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Thinking Outside the Box - Creates Ultimate Outdoor Water Conservation Program

Have you ever thought about Clay Soil and why they lay a clay pad before pouring a slab of concrete for a house foundation? Clay will compact tighter    and will not absorb the moisture from the concrete slab while it is curing.. However, a clay base swells and contracts with water from the surrounding soil.

As a growing medium, clay is horrible as it has no oxygen movement and plant roots hate it as there is minimal microbial activity in a clay soil.  But since clay will swell and contract with water, it is an excellent water reservoir. So how do we pull water from clay?

If i take a handful of clay and squeeze it , compress it, water will not come out of the clay. But if I lay a paper towel across the clay, I will wick moisture from the clay.

So rather than fight nature lets use natures characteristics to our advantage. If I can add a soil amendment to the soil profile that wicks moisture from clay, and likewise when it rains or is irrigated hydrates the clay, then I have the ultimate water conservation storage method already in the soil. When in times of drought or lack of irrigation, I have plenty of water to keep a landscape alive, I simply need to figure out how to put this concept into practice in the soil profile to give this captured water back to the plants and turf areas.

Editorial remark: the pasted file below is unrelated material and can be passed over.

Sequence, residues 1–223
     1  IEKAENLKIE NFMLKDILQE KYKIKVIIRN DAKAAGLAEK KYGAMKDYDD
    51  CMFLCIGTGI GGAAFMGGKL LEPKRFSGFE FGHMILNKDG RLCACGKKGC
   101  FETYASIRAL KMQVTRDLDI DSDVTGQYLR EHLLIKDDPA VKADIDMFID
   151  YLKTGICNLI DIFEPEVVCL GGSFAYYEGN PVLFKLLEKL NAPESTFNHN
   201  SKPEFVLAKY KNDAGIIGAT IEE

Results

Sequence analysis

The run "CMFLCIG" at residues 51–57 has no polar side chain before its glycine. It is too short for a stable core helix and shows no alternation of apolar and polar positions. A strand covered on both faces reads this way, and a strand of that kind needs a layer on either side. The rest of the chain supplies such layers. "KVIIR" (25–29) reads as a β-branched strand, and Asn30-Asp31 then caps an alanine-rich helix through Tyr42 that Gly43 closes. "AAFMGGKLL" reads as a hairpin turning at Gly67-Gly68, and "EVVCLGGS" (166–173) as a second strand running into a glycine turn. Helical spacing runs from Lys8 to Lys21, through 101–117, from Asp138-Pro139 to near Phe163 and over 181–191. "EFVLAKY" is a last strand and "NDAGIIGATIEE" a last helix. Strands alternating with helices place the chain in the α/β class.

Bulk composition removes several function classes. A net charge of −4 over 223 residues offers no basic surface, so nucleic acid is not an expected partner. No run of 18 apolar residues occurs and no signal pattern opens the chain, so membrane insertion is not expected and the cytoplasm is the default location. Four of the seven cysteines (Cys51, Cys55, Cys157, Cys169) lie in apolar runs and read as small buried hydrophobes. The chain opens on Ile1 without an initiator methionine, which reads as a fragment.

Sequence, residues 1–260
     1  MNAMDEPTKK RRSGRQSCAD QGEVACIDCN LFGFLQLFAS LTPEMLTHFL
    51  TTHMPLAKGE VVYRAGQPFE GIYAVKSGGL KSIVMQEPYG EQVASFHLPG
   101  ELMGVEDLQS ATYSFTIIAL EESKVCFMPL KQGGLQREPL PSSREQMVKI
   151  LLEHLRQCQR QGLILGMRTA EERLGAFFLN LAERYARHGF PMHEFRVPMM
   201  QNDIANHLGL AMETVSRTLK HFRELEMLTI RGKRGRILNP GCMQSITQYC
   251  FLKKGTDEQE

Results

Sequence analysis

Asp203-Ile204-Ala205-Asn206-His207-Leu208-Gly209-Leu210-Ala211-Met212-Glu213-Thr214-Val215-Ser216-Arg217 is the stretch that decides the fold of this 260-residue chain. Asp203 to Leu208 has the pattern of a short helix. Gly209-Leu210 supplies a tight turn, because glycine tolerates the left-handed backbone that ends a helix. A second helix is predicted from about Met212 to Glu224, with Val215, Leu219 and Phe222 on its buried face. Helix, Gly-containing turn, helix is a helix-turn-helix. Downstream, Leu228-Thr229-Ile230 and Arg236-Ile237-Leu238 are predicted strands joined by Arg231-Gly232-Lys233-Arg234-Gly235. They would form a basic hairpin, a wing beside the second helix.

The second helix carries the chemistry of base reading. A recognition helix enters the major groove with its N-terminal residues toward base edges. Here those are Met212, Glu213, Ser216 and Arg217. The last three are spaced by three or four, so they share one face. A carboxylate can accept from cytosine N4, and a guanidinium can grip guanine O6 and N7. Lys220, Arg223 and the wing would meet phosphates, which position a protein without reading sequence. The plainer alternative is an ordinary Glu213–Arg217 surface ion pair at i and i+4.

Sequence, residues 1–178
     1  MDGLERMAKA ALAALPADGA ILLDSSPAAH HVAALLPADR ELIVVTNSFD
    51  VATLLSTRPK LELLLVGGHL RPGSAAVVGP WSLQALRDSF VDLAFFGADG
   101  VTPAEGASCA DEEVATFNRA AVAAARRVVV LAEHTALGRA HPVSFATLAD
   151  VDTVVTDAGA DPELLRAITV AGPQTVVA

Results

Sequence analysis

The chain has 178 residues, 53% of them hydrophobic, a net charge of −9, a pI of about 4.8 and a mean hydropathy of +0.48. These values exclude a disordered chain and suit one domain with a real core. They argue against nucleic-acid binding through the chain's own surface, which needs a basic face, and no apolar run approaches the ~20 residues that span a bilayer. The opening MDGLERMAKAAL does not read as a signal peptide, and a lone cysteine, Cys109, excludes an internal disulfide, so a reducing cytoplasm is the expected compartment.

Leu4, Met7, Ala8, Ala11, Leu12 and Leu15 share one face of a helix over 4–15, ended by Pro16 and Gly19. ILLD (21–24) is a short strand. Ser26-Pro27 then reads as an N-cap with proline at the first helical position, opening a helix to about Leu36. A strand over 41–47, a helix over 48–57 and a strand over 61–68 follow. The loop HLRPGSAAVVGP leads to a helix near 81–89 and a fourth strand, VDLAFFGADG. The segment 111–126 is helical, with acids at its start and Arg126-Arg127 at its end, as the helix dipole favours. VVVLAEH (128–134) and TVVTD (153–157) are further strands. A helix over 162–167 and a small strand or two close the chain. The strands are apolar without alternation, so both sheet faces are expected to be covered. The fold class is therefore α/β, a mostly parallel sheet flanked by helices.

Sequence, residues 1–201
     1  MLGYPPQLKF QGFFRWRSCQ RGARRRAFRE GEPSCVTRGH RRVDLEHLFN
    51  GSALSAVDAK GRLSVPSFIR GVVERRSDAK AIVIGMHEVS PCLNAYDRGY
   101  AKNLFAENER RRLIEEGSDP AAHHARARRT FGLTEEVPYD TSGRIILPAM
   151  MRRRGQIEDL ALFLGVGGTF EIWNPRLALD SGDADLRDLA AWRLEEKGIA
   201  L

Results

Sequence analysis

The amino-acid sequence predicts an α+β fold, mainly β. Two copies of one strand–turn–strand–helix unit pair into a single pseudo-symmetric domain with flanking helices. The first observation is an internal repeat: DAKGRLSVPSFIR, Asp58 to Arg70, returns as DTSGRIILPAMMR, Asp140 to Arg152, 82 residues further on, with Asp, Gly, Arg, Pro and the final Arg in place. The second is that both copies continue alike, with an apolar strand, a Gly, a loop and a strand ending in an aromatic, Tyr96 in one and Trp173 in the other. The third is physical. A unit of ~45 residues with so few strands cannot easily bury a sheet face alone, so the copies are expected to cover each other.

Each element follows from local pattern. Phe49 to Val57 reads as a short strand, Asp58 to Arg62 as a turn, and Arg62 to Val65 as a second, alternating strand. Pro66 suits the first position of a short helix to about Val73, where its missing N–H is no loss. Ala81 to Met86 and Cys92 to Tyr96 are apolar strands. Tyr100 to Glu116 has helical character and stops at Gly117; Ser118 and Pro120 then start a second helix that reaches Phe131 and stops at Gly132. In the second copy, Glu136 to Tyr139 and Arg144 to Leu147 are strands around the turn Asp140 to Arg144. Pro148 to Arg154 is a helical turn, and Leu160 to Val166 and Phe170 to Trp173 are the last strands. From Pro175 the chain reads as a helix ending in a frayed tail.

So we take a hollow sand product, we inject aeration holes into the turf every 3 inches and we now have a soil amendment that makes a vertical column every 3 inches. These columns are directly injected into the clay layer in the soil. So now we have the ability to recharge the clay back full of water when it rains or there is irrigation and we can wick back this stored water from the clay and irrigate the turf roots when there is no rainfall.

       (photo of Hollow Sand)

Step two, we add a humectant or "AquaGreen" to the soil profile and each day we pull humidity from the air and convert that into FREE water that these same hollow sand columns absorb and recharge this water back to the clay layer.

Third step, we capture rainwater, either by above ground water reservoirs or hidden underground water reservoirs. When it is time to irrigate the landscape rather than use the water from the local water authority, we use the captured rainwater from the last rainfall and this  used to keep the landscape thriving.

Do you need LEED points? This program will generate up to 16 LEED points.
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